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Science fiction, gangsters, noir, comic book, and Godard,
This review is from: Criterion Coll: Alphaville [DVD]  [Region 1] [US Import] [NTSC] (DVD)
Godard belongs to that first generation of filmmakers who could reference the history of cinema - he grew up in a culture which was largely shaped by cinematic reference. The nature of Godard's cinema is the wonder of the cinema - his films are as much about filmmaking as about character or narrative, are told in the language of cinema.
Godard developed a style of remaining distanced, of observing his characters, often leaving them to improvise while he tried to capture the immediacy of their action and reaction. In "Alphaville" - originally entitled "Tarzan vs. IBM" - Godard combines a futuristic, science fiction tale with American gangster noir and the comic book tradition to explore the dehumanising effects of computers and the corporate identities they create. Made in 1965, its vision is extraordinary. While the 'new' technology demonstrated in the film now appears clunky and quaint, "Alphaville" parallels Orwell's "1984" in creating a dystopic vision of the future.
Lemmy Caution (Eddie Constantine) is agent 003, a Dick Tracy character, complete with trenchcoat, felt hat, Zippo, and a .45 calibre automatic. He has come to Alphaville to assassinate its dictator, Professor Von Braun. This is a city ruled by the computer, the Alpha-60, and its scientist creators and neophytes. Politics no longer exists, only the dehumanising logic of the binary system.
Shot in Paris on a very tight budget, Godard makes graphic use of his surroundings, playing with the black and white images and emphasising the ruggedness of Constantine and the striking beauty of Anna Karina. In doing so, he revisits a science fiction theme - computers and new technology will transform the physical world, this is true, but their most immediate, global, and lasting impact will be in the reconfiguration of the human mind and consciousness.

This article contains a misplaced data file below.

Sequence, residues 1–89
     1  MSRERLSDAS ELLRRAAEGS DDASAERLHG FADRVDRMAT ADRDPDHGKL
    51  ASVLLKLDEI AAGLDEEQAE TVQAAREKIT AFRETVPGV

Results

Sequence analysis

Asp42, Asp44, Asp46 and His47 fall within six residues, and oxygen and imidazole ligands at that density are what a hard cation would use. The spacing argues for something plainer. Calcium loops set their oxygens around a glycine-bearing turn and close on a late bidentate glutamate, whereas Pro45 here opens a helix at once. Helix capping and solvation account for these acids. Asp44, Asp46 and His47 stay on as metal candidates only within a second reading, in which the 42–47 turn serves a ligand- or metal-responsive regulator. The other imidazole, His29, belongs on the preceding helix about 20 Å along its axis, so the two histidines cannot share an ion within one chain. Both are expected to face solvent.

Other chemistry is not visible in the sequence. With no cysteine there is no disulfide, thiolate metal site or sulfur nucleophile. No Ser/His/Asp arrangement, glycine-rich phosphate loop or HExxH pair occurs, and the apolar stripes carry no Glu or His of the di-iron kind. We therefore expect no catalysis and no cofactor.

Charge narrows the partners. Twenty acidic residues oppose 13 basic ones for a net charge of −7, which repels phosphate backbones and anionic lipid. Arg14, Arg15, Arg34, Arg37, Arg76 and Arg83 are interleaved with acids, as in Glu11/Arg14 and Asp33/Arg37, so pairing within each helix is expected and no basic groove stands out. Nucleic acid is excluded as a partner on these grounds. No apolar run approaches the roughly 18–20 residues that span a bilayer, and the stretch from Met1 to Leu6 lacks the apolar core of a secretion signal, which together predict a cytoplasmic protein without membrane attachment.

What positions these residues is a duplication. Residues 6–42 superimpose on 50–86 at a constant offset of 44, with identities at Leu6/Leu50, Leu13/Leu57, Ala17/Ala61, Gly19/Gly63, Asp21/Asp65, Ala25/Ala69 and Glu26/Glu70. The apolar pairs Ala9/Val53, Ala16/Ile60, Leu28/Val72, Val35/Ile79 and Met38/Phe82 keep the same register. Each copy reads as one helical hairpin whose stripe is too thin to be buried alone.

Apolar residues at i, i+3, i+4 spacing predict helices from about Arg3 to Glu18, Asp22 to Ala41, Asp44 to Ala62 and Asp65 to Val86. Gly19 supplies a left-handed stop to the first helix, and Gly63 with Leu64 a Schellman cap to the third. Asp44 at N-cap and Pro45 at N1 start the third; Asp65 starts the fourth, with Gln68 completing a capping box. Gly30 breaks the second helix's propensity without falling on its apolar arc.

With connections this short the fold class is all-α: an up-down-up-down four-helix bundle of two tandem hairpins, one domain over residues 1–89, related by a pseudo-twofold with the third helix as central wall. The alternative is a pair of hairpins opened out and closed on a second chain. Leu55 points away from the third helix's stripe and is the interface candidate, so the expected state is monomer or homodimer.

The film opens with the legend, "Sometimes reality is too complex for oral communication." While Godard will employ his typical blend of visual imagery, flashing words and still pictures on the screen, making philosophical and literary references beyond the story, etc., "Alphaville" follows a more obviously linear narrative path than his earlier films.
In this futuristic world, people are no longer capable of free thought. They must adhere to the control of the computer. Each hotel room is equipped with a bible - in the form of a dictionary which lists what words are acceptable and what their meaning must be. Those who express the forbidden emotions of love or betray contrary thinking are to be executed. The computer interrogates those suspected of crime, denouncing them as liars if they do not adhere to established truths.
Lemmy Caution poses as a journalist for 'Figaro-Pravda' - a blend of French and Soviet newspapers. The role of the journalist is to enforce the truth, to disseminate what the State wants its citizens to believe. Before the word, nothing existed. Language is responsible for bringing reality into existence. But Caution appreciates that the seeds of destruction lie not in the future, but in the meanings we inherit from the past. Ironically, for 'the word', we can now read 'cinema'. Film, Goddard is suggesting, can no more be trusted than a dictionary.
Alpha-60 has analysed the past and realised that man cannot create his own future with any certainty. It is vital that the computer take control and change people into logical travellers into the future. The present is terrifying because it is irreversible. Once people become mere ants, automatically obeying instructions to create structures beyond their ken, they will be free of the stress of uncertainty. The computer is a very moral beast.
Godard's vision of this computerised world is bleak and terrifying. While the narrative sweeps along, it is not a story which can simply be enjoyed. As a viewer, you have to concentrate and try to absorb the themes and images. The acting is consciously stylised, the direction and editing curt and sometimes oblique. The portrayal is that of comic book good versus evil, yet values and morality are fluid to say the least.
Perhaps "Alphaville's" message is symbolised by the habitual greeting exchanged by its characters - "I'm fine thank you, you're welcome", voiced as a simple statement on meeting or leaving. Communication is symbolic, devoid of feeling or individuality. The story reduces its characters to caricatures who act out their instructions against a soundtrack of ironic, B-movie music which seems to instruct the viewer that this is meant to be a moment of cinematographic tension.
The film, therefore, defines meaning as clearly as does a dictionary or computer. This is how you are supposed to think, these are the emotions you are required to feel at this point. Godard, as ever, challenges this message. As a viewer, you are forced to deconstruct his images and narrative and assess meaning for yourself.
A demanding film, a highly entertaining film, an extraordinarily rewarding film, and one which should be watched again and again by all lovers of cinema and students of filmmaking.